Editorial: Fifty-six days away
● By Richard Gaw
The question is very simple to ask, but too difficult to predict: Will the tumultuous tenor of our national politics, manifested in anti-Trump backlash, unleash the big blue waves and tsunamis that are predicted to bring landslide elections of Democrats in every political category?
As we prepare for the November elections close to home, we gauge what impact grassroots movements like TurnPABlue – tied at the hip to growing anti-Trump sentiment – will have on our local candidates, and on the future face of local and regional government. There is also wide speculation that the Democrats will also be helped by the Pa. Supreme Court's January decision that called for the boundaries of the state's 18 congressional districts to be redrawn, in what many lawmakers and experts predict will rattle up the future of state politics.
The big, blue wave has already swept through Chester County. On Nov. 8, 2017, voters elected Democrats Patricia Maisano as treasurer, Yolanda Van de Krol as clerk of courts, Dr. Christina Vanedepol as coroner and Margaret Reif as controller, who became the first Democrats to occupy seats on the County row since 1799. It was an election that sent shockwaves throughout the old guard of county politics, but whether or not this year's elections will be determined by platforms or retaliation is still unknown.
For now, incumbents and challengers for two important House seats are staking their political futures on performance and issues, alone.
In the battle to become the Pa. House Representative for the 13th District, few in this region would deny that Republican incumbent John Lawrence has been a highly-decent and well-respected steward, both in the community he serves and in Harrisburg. In the last year alone, has served on the House agricultural and rural affairs, finance, liquor control, transportation and rules committees. He's being challenged by Democrat Sue Walker, an educator, volunteer, non-profit leader and activist whose campaign rides on balancing budgets, growing business districts, improving infrastructure, preserving open space, and pressuring Harrisburg to reform and restructure the public school funding formula.
In the 158th District, Democrat Christina Sappey, currently the Chief of Staff to State Rep. Carolyn Comitta in the 156th District, is challenging Republican incumbent Eric Roe. Since his election in 2017, Roe has been a town hall road warrior throughout the district, speaking on subjects as diverse as infrastructure, pension reform for state employees and opioid abuse. In short, he's been everywhere, both locally and in Harrisburg, where he co-authored HB 722 – with Democrat Steve Samuelson – to eliminate gerrymandering throughout the state.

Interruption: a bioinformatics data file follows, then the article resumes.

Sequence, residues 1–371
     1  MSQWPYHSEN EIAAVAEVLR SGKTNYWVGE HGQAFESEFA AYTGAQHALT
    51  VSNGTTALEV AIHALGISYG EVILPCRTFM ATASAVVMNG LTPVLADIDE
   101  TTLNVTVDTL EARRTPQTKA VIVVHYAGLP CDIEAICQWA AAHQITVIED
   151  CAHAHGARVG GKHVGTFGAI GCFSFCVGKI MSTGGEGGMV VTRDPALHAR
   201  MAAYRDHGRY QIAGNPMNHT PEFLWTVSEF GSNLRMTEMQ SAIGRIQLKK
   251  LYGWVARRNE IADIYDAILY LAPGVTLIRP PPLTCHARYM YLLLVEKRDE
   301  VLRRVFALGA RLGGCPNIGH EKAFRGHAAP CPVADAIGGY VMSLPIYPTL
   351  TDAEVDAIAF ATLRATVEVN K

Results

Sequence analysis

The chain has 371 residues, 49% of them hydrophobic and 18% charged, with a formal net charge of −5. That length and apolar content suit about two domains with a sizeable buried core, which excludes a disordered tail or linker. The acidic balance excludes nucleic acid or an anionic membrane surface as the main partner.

Sappey's key initiatives include supporting small and mid-sized businesses, creating ways of stimulating job growth, providing training and education for future generations, balancing state budgets on time and streamlining government to make it more efficient.
It is nearly without debate that the most severe blow to Republican fortunes in our region came when Rep. Ryan Costello declared earlier this year that he would not seek reelection this November, citing the current political environment in Washington, the conduct of President Trump, and the Left for contributing “a lot of hate.”
Costello's decision literally blew the doors open for the emergence of Democrat Chrissy Houlahan, the leading candidate to take Costello's seat in the sixth congressional district, who has achieved rock star status as part of a 400-strong coalition of women who have declared themselves candidates in the 2018 election, fueled in equal parts by the #MeToo Movement and the election of Trump in 2016. In a county that has not sent a Democrat to Washington since the 19th century, Houlahan is poised to change that political tide, with a campaign chest approaching $3 million. In comparison, Republican challenger Greg McCauley has raised just short of $200,000 for his campaign.
November 6 is still 56 days away, a small eternity in the back-and-forth tussle of electoral campaigns, and while the campaign being engineered by Houlahan seems to be riding the crest of a wave whose strength is still not yet known, two local races for State House seats remain toss-ups. Whether they are decided on principle, policy and platforms – or if they will ride the wave of public sentiment – is anyone's guess at the point.
Either way, it is likely time to get your surfboards out, because a wave the color of the ocean may very soon be crashing through the borders – and history – of our politics, for a long time to come.